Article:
9.7 Non-Retaliation

This policy was last updated December 17, 2021. See the update history page for more information.

MIT prohibits any member of the community from retaliating against any person who, in good faith,:

  • raises concerns about a possible violation of MIT policy or other wrongdoing; or
  • participates in any Institute complaint resolution process.

This non-retaliation policy applies to those who report an incident, file a complaint, or otherwise raise a concern about a policy violation or other wrongdoing; these individuals are sometimes called whistleblowers. The non-retaliation policy also protects those who review or investigate a complaint or concern, serve as a witness or provide background about the complaint or concern, or who make decisions or recommendations about sanctions in any of the Institute’s complaint resolution procedures.

Retaliation is any adverse action, harassment, threats, or other conduct that would discourage a reasonable person from making a report or participating in a complaint review process. Examples of possible retaliation include, but are not limited to:

  • Adverse employment action (e.g., termination, demotion, reduction in pay, adverse change in schedule or work location, unwarranted negative reference, or exclusion from work-related opportunities, conferences, or other activities)
  • Adverse action related to an Institute educational program (e.g., unwarranted negative reference, adverse change to grades, class schedule, or research opportunities or funding) 
  • Stalking, harassment, intimidation, threats (including threats of retaliation), or engaging in physical violence
  • Adverse social actions such as exclusion or removal from a group or committee, or publishing personally identifiable information about an individual, including on websites or social media sites
  • Adverse action related to research or scholarship (e.g., removing from research grant, reducing access to research funds, removing authorship from paper, rejecting a paper during refereeing, recommending to peers or students to not cite their work)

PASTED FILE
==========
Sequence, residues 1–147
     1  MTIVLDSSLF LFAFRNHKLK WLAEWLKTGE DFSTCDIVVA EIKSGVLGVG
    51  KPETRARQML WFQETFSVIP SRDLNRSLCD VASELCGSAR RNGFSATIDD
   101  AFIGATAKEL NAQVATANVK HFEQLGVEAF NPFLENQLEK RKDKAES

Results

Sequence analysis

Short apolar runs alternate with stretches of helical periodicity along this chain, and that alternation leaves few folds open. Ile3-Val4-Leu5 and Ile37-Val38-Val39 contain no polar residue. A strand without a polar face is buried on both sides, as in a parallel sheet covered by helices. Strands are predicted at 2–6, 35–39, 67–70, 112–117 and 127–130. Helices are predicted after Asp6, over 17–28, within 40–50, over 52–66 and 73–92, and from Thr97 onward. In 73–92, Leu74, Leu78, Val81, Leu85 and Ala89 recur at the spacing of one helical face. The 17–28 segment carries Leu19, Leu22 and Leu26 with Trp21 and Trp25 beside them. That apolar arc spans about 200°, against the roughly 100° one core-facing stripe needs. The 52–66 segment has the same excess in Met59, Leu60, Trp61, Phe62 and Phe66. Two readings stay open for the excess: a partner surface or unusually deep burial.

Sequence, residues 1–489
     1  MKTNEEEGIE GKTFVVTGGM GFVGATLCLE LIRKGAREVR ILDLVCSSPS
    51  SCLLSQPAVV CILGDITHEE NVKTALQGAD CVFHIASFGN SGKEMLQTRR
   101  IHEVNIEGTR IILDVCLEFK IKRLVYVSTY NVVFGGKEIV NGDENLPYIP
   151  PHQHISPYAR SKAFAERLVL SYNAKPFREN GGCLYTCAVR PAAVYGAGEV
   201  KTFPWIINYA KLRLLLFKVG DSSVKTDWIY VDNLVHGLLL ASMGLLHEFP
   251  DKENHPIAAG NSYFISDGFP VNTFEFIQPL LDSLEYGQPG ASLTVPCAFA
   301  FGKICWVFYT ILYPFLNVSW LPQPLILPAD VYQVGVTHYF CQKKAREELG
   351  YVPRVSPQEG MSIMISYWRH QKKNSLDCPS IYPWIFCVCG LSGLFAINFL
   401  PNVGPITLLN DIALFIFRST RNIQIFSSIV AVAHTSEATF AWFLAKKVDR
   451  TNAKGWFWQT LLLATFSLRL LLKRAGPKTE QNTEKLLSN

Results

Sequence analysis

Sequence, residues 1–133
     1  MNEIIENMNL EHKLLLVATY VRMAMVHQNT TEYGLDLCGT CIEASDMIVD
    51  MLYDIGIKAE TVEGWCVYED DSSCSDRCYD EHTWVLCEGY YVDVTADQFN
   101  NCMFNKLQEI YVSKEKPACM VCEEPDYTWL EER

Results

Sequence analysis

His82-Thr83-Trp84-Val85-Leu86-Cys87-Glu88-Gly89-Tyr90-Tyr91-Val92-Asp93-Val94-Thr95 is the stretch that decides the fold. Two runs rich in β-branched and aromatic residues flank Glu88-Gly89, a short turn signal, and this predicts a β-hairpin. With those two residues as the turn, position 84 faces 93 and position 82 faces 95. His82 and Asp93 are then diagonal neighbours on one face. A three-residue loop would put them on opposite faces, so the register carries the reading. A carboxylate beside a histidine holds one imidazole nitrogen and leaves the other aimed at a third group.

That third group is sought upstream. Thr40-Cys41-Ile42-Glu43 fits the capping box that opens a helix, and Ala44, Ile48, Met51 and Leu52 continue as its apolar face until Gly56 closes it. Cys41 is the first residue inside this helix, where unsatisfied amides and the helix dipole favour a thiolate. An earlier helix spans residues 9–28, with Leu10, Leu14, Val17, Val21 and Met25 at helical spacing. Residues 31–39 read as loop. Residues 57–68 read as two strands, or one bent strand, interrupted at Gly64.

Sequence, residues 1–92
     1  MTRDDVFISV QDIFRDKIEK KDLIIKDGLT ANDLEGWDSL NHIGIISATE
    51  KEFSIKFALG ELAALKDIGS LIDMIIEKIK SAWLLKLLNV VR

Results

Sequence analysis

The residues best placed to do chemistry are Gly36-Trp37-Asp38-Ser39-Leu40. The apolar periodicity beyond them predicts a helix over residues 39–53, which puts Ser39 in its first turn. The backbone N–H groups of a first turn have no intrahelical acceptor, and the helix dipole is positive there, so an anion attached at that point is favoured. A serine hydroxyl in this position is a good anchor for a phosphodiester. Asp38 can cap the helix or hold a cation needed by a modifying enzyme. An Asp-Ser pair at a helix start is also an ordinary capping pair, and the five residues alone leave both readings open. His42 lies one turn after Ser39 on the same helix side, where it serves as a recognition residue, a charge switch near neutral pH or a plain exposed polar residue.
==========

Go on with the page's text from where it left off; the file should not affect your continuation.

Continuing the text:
• Encouraging or asking a third party to engage in retaliatory conduct

Note that interim measures taken by MIT to address a complaint, such as separating the parties, are generally not retaliation.

Retaliation may occur even where there is no finding of a policy or other violation.

Complaints of retaliation are addressed through MIT’s complaint resolution processes, depending on the nature of the retaliation (e.g., a grade dispute). Where a formal investigation of a complaint of retaliation is done and no specific internal process exists, the investigation includes notification of the allegation, an opportunity to meet with the investigator, and an opportunity to review a draft report. (For more detail, see the bulleted process steps in Section, which are usually followed.) A finding of retaliation may lead to disciplinary action, up to and including termination of employment, suspension or expulsion from the Institute, or severing any other relationship with MIT.

MIT encourages reporting of any perceived retaliation to a supervisor, to the Committee on Discipline for student misconduct, or to one of the offices listed in this Reporting Options page.  Individuals who prefer to report anonymously may do so through the Campus-based hotline or the Lincoln Laboratory hotline. Workplace concerns about retaliation or harassment may also be directed to the Institute Discrimination and Harassment Response office (for concerns that involve a protected status such as sex or race) or to the Human Resources office (for concerns not involving a protected status). See Section 9.8 Complaint Resolution.